Archive for June, 2009

I have to say, there is something that strikes me about the Social networking site of Facebook that gives me a bittersweet emotion

Being on facebook, you are once again connected to people from the past…and several things never ceases to suprise me even though I should know better…

1.) It makes me realize time has gone by so fast, and our life is shorter than I thought it can be…when the little girl you taught in VBS suddenly is old enough to have a facebook and requested you to be her friend, when you see pictures of the seven and eight year old boys you use to tutor and help with their homework are now high school graduates, when what was once a troubling young boy has been in the Marines for some time now…my, time is flying and I know it when I’m suprised at people growing up! Then there are other ways you know that time has been ticking away quickly…pictures of people you know, and they have changed physically…the wrinkles kicking in, the weight gained on their tummy and waist, the bald spot, the once young stud now unshaven and beaten down…the motherly stern expression of what was once a young smiling face…and I can’t help but to stop looking at the laptop for a little bit, go outside and help my dad bring in the cans he collected from work because his leg is ailing and I notice the incredible amount of white hair my once strong dad now has…the change is occuring in reality not just online and it’s sobering.  So I can’t help but to grieve and realize that it’s about people’s salvation which is the MOST IMPORTANT THING THAT MANNER…

2.)As I said, facebook also makes me realize so little in life really matter in the long run…or even within the lapse of a few year’s run.  There are some people in high school who was so above you, they were so cool, and now they requested you to be their friend…what happened all those years, I thought I didn’t exist in their book (but not for their facebook apparently)?  Suddenly you get a message of how r u doing? “Dude, your pics of you with the Marines are cool!” Since when did they find a Jesus Freak that they themselves were too cool for, now cool?  You find on facebook, the ones who were living the fast life in the World are now burned out…no more crisp clothes for the club, no more “Too Fast, Too Furious” status…burned out by the world.  You go on facebook and you chuckle at the pictures of guys fronting like their tough.  Some people never grow up.  Yet, where am I in life?  I also need to grow up in the LORD and in my character and living life as a GODLY MAN…

3.) Then facebook breaks your heart.  You learn that people has changed.  The info page now reveals the girl who use to go to your Christian club is now “Very Liberal”.  Apostasy.  He’s now an atheist.  She’s divorce, but the husband is still in Iraq. What happened, he was planning to go to the ministry and she seem like such a supporting wife??? Then there is the guy who become of all things, a Catholic and an OPUS DEI one.  The couple who you thought was going to marry…are no longer together.  Oh, and why is that other guy getting drunk? I’m sure readers can identify with the thoughts going through my head at times, “What was that status all about?”, or “Dude, this guy need to chill with the cussing on my friend’s page, what happen to him?”  And the things that really get to me is when you see people in a relationship that’s not healthy, right or godly…and those pictures needed to deleted…and the people who’s sin goes before them and you ended up having to remove them from facebook.  And I mean guy’s profiles too.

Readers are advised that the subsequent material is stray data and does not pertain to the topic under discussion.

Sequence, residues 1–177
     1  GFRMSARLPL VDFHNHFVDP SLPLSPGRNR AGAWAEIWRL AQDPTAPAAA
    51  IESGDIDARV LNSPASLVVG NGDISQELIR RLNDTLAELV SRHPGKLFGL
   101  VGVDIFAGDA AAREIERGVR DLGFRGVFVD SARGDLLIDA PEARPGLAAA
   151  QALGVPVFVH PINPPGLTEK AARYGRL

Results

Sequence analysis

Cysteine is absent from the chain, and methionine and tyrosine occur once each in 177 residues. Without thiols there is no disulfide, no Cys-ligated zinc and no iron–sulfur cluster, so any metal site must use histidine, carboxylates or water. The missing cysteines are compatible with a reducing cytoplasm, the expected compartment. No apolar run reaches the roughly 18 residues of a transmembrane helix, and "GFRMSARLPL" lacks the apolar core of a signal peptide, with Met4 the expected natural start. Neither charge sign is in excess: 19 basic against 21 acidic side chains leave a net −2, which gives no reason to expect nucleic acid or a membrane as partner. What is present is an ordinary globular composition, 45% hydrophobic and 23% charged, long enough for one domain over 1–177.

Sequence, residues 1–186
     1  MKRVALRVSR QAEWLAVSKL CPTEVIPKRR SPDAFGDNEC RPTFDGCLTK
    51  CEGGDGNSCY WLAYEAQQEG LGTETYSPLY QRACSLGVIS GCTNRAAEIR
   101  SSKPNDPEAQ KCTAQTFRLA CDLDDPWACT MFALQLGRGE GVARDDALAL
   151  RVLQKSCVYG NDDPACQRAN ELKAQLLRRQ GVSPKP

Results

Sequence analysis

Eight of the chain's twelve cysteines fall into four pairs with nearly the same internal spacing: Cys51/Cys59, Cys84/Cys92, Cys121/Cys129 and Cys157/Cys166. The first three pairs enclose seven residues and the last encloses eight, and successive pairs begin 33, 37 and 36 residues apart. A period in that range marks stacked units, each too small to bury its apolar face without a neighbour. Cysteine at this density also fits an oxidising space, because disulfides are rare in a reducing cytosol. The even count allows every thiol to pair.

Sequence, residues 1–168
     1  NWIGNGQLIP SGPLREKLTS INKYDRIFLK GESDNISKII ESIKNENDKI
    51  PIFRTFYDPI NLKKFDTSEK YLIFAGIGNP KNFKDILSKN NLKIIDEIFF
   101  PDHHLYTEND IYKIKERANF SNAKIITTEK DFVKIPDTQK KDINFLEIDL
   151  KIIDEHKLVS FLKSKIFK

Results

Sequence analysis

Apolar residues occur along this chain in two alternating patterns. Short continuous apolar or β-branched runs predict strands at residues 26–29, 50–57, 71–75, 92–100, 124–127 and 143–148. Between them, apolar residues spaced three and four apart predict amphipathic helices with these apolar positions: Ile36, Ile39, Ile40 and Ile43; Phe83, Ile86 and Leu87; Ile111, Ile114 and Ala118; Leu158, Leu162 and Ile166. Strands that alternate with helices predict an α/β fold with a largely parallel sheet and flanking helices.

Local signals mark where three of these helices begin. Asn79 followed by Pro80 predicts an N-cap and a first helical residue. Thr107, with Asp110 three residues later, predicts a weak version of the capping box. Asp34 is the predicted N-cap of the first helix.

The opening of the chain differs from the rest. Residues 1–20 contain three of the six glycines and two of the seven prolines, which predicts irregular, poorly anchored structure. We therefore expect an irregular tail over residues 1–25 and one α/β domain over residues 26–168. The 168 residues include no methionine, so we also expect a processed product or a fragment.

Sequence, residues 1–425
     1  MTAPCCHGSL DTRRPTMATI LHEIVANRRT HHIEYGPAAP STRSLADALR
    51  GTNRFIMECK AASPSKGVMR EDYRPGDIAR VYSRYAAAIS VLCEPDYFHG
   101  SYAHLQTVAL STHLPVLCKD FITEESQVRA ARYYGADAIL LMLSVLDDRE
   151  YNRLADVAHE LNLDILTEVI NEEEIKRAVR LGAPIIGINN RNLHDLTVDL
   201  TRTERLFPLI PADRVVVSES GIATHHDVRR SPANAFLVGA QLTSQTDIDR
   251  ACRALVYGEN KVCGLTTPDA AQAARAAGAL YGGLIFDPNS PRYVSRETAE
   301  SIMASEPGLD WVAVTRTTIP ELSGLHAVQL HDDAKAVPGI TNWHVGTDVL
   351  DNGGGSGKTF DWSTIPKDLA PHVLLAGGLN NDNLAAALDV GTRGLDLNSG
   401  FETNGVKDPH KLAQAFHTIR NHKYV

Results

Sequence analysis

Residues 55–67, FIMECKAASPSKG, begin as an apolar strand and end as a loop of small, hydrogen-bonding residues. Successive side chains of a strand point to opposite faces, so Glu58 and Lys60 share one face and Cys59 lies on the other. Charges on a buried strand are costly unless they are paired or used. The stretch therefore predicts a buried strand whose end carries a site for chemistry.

4.) Then there are those amazing facebook moments…the guy from WAY, WAY BACK is now your friend after so many years…people that have a hard time returning your calls, well, they respond faster now on facebook…then there’s the incredible unimaginable joy of encountering those guys you went to Iraq with…or the Marine whom you went through Boot Camp, Marine Combat Training and Radio School with…you wondered what happened to him, whether he’s dead or alive and how many times he might have went to Iraq and when was he in Iraq???  The joy of seeing some of those you use to interact with on Xanga…but now it’s no longer the same as on the heyday of Xanga…the kid whom you have invested in at one time or another, you get to know where they are at in life…the brother in Christ who grew up reading your xanga and is now in the military serving our country and determined to live out the FAITH and see you as a role model…some long lost youngster who use to go to your church, message you apologetics question…seeing the one whom you use to worry about subtle hostility against the faith, is now growing in Christ and concern for things biblical…the message from someone who should know better of how they ought to live, asking you for prayer…seeing young people excited about theology and growing in Christ…

Facebook has a way of reminding you that when people leave your life, that doesn’t mean they no longer exist…they continue on living…continue on walking and talking, tweeting, status updatting and commenting…either on the Wide Road of Destruction or the narrow Road that leads to eternal life…a glimpse of their precious life on the Wide Road of the World Wide Web…

You realize how little you know somebody when they present a front in your presence, or act shy…and you realize that people’s fruit is sometimes shockenly revealed so openly…on facebook.

And you realize that you have no control over it, but you wish for a change, for it to be different and you realize even more what having a Sovereign God means…that you ought to Pray, to the one who can change people’s heart and mind…and you have to live for Jesus,

Even on Facebook.

It surely has made me more compassionate, more loving, more kind to people…even the guy you purchase water from…and perhaps share the GOSPEL WITH…